Nuevo Culture

Hurricane Otis Death Toll at 27 As Damage Finally Revealed — Here’s the Latest

A full two days after Hurricane Otis hit Mexico, a clearer picture of the damage is finally emerging, with reports of at least 27 dead and new footage of the damage now providing scope of the devastation of the category 5 Hurricane. 

Otis made landfall with winds of 165 mph early Wednesday morning. The Hurricane intensified over the course of just 12 hours, taking Mexico by surprise when it hit.

Andrés Manuel López Obrador, Mexico’s President, defended the Mexican government’s response in a press conference, saying “there was enough warning,” but the general feeling was of widespread frustration with the government, if not for the warning, for the response post-hurricane.

NPR reported that around 10,000 troops were deployed to the area, but they did not have the necessary tools to clean the mud or fallen trees, and the employees from the government electrical company were unable to restore power when they arrived on Acapulco on Wednesday, October 25th. 

The images on social media speak of devastation, with videos showing an Acapulco that is almost unrecognizable, with comments like ”Not a single pole left standing” and “many houses remain without connection” unverified comments found online.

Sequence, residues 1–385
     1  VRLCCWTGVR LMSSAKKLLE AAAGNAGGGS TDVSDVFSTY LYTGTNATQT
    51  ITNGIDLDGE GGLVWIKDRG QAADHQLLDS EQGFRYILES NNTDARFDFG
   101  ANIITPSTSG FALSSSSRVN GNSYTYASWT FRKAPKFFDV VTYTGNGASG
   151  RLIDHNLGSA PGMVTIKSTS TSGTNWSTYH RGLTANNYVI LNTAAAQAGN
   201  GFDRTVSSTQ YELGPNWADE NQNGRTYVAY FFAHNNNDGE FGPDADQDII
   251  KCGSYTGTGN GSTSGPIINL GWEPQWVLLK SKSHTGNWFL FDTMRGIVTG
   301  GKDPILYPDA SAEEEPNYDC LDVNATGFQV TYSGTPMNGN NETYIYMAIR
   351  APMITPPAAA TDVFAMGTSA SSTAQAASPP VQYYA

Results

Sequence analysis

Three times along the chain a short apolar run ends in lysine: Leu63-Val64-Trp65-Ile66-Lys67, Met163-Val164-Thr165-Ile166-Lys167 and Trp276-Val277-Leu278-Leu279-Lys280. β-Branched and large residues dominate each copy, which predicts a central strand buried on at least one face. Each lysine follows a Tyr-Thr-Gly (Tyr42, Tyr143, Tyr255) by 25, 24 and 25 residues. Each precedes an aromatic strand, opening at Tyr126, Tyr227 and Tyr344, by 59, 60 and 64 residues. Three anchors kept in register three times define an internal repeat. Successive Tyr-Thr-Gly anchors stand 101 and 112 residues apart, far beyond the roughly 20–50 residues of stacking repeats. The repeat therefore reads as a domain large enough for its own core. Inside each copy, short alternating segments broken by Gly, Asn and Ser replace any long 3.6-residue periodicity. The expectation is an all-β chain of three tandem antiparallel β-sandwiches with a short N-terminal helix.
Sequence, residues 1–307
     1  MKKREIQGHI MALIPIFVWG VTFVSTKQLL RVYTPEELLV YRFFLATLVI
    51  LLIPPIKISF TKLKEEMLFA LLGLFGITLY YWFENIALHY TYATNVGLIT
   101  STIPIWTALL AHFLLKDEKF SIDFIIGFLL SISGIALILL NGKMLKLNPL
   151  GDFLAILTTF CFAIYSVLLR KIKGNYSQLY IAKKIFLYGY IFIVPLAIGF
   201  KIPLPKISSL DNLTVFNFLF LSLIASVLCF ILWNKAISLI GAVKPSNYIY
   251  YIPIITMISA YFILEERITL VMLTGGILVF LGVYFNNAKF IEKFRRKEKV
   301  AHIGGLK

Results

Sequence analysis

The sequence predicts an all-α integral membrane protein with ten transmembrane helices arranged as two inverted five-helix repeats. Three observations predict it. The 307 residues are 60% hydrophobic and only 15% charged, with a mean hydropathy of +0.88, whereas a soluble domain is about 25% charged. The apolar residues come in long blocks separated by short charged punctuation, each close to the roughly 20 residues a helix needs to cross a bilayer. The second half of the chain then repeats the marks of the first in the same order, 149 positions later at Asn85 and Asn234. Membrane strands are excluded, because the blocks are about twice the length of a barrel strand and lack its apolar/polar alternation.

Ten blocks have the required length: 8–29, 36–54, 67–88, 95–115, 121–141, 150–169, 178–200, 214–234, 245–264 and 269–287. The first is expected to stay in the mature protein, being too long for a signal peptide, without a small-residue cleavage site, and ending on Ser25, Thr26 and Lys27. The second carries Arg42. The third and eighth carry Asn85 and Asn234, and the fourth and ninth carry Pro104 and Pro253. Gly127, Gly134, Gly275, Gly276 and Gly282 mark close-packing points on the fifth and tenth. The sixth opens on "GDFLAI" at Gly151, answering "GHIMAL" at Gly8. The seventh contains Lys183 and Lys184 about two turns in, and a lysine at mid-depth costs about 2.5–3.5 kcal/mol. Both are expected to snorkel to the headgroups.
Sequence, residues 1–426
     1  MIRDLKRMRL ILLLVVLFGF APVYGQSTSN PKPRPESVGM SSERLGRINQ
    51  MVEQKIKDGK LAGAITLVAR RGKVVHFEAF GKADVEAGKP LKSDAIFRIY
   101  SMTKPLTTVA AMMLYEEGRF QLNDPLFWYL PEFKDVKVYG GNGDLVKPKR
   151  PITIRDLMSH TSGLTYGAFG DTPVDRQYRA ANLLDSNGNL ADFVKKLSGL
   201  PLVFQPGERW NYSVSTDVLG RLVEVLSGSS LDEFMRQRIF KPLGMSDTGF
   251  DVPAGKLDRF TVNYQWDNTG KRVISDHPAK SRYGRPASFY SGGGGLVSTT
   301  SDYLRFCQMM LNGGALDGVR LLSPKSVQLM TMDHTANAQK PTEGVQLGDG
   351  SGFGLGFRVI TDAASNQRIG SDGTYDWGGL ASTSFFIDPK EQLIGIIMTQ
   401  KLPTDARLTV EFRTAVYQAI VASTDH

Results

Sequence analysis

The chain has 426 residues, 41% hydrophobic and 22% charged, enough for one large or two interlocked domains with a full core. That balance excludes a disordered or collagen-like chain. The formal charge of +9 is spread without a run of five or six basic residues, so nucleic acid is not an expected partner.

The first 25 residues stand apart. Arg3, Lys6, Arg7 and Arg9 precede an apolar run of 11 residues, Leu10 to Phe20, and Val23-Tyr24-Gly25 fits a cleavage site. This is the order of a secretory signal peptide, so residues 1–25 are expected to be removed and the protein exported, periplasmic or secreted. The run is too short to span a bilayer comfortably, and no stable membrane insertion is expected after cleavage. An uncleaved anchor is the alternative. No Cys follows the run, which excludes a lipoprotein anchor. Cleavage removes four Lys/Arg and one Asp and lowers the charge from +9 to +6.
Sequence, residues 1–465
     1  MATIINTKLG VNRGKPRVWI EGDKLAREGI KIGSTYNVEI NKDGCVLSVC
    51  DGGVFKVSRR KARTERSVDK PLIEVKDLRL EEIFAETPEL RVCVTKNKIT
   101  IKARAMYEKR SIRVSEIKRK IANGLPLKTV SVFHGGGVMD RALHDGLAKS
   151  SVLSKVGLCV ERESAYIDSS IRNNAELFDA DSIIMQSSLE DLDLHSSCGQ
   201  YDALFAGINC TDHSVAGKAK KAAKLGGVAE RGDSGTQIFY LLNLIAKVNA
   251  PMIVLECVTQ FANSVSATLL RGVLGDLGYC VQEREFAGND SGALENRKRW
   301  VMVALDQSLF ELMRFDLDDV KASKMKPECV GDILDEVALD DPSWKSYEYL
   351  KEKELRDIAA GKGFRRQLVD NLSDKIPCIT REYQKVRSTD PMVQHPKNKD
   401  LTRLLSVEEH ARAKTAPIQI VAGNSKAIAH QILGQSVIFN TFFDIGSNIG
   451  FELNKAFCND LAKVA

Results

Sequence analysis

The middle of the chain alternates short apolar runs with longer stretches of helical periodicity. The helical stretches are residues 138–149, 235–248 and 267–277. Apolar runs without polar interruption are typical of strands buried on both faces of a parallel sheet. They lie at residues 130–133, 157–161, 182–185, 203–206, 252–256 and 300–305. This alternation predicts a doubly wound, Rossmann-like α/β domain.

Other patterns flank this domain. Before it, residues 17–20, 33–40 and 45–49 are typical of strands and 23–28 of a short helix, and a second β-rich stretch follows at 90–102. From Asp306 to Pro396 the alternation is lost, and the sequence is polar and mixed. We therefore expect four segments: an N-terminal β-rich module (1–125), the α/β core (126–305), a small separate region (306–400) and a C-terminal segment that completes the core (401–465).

This aerial view purports to show the “destruction of Acapulco yacht club where it’s been reported that at least 6 bodies have been found.”

Other videos show entire neighborhoods destroyed.

This video shows the “zona diamante,” a neighborhood with high-end condominiums.

And others show the confusion and backed-up streets as people try to leave Acapulco.

The loss of life, is, of course, much more important than the material loss, but the videos give clear context to the devastation of Hurricane Otis and the importance of a clear plan for disaster prevention and management. They also once again, underscore the importance of climate regulations, as the human-caused climate crisis is the reason for the rapid intensification of hurricanes like Otis, according to scientists. 

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